App-V Hidden Drive Letter ADM File

In our environment, our users love their drive letters, and they do so to the Nth degree. As part of a change control process, myself and a colleague have scheduled the deployment of the App-V Client across our business estate to allow us to begin provding the users with user-centric real-time streamed applications to meet their business needs.

We today discovered the true nature of our Nth degree network drive letter because after some review, it became aparent that not a single letter (beyond the usual C, D, E for local disks) was free for company-wide use which caused us pain on the inside. We came to the conslucsion that people in our business very rarely use floppy disk drives anymore, and even less people (zero to my best guess) use a second floppy disk drive, which means that the B: drive would be available across the estate.

Using the Microsoft App-V ADM file for Group Policy (available for download from, I re-configured our GPO to force the clients to use the B: drive instead of the App-V default Q: drive. I tested the configuration change on my own machine (ICT dogfooding for everyone), and also streamed a couple of applications to verify the drive letter change didn’t cause any issues, and I came to an idea. If the App-V virtual file system is inaccessible by the user because of the ACLs that App-V applies to it, and because the user has no reason to be meddling in the App-V virtual file system drive, why, display it to them?

I took a look at the Windows Explorer, Hide these specified drives in My Computer policy in the User Configuration portion of Group Policy however for reasons beyond me, Microsoft only gave you a very limited set of options in this policy (Hide A, Hide A and B, Hide A, B and C, or Hide All Drives). This policy was probably useful in the legacy days where you only wanted to restrict use of local floppy disk drives, however it’s not very useful in the 21st century.

The way around this, is to build your own custom ADM file to change the options for disabling the drive letters.

I have this evening created a custom ADM file for such a purpose, and in my example, the file is crafted to allow you to hide the B drive, or no drives, however you can add as many options to this file as you like.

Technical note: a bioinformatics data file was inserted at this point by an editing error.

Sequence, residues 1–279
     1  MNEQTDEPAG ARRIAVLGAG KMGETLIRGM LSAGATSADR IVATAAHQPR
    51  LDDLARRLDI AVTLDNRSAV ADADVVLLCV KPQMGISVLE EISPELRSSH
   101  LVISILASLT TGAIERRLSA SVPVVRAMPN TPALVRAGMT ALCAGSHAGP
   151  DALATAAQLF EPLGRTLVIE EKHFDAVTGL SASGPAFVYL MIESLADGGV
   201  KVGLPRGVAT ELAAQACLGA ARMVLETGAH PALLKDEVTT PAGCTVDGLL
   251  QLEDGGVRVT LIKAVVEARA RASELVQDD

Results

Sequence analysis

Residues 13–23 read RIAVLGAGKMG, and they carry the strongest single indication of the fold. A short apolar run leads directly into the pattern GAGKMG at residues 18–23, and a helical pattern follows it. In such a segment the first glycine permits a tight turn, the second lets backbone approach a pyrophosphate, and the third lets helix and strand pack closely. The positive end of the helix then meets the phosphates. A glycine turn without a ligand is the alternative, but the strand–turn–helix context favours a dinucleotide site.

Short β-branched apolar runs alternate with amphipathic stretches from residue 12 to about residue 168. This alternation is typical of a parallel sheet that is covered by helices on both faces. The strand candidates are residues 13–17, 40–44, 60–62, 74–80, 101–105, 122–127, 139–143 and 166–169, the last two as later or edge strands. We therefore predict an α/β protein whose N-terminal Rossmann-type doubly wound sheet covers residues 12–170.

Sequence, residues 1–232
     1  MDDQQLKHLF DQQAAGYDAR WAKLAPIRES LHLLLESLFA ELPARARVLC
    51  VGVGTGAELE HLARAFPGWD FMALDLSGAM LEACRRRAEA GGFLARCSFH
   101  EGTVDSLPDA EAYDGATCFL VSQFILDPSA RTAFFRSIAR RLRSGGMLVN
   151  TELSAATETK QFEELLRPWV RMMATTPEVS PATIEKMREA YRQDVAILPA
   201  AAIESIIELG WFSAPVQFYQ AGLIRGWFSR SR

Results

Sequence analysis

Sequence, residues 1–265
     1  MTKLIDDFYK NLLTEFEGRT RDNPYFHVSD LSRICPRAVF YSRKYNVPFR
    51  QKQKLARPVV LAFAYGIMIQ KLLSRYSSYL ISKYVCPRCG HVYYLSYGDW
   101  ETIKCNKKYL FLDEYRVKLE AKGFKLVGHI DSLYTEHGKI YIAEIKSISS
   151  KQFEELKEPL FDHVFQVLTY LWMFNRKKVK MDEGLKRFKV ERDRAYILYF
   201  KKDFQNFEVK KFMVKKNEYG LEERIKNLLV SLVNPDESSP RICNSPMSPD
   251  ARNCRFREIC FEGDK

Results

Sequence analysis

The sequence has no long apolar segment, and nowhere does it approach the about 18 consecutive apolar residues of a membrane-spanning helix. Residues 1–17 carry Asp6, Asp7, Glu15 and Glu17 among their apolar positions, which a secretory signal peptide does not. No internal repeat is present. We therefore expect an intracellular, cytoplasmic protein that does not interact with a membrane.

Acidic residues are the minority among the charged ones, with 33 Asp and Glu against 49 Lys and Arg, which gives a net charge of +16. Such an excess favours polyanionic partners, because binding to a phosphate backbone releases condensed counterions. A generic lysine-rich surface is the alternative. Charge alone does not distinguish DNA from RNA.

How you configure the file to restrict particular drives is based on a binary value using a reverse alphabet table. Details for calculating this can be found on the Microsoft Support article Using Group Policy to Hide Specific Drives ( If you aren’t ocomfortable trying to do this in your head, you can simply copy and paste the table out of the article into Notepad and do your working in there.

Simply add the ADM file to an existing GPO and link it to an OU which contains users in AD, and you’re all set.

If you want to only restrict a single letter, then you can simply edit my file by modifying the label for, and the binary value for the BOnly item. The file is shared and free for you to download from my Windows Live SkyDrive account. I’m also happy to take comments or answer emails with questions about how to modify the file.

App-V Client Management via GPO

Deploying the App-V Client to end-user machines can be headache. Microsoft provide ADM files for managing the configuration of the App-V Client via Group Policy in AD DS, however if you are trying to deploy the client yourself, you will soon discover that the Microsoft ADM files don’t allow you to configure an App-V Publishing Server. The only options you have with the ADM files are to override the sequenced application package and icon source roots.

Using this method, you install string for silent installation will look something like this:


As anyone can see this isn’t exactly elegant, and if you are using SCCM to deploy the App-V Client as I am, you will soon discover SCCM has a character limit for the installer path which means you may have to turn to building a batch file to execute the installation and then call the file in the SCCM Program.

The other problem you will have are that you are then hardcoded to use the server name and port specified in the install. Yes, you could use a DNS CNAME to direct your clients to the App-V servers, and sure you can use a GPO to edit the registry keys on the end-user machines after the fact, however none of this is elegant as properly managing the deployment.

Introducing Login Consultants, a Netherlands based virtualization specialist company. This company provide a third-party ADM file for you to import into AD DS for extending the management options for App-V from the Microsoft ADM file, and best of all, you can register and download the ADM file for free from

Using the Microsoft ADM file and the Login Consultants ADM file in conjunction, your install string turns into this:

setup.exe /s /v” /qn”

Much cleaner, easier to setup in Configuration Manager and then it gives you the ability to manage all of your App-V server configuration, including server name, ports, protocol, SFT_SOFTGRIDSERVER environment variable and all the other settings you need via Group Policy.

For centralising and streamlining management, this is a huge boon, as it means you have a one size fits all deployment of the App-V Client and then allowing you to manage everything else from either AD DS or from the App-V Management Server.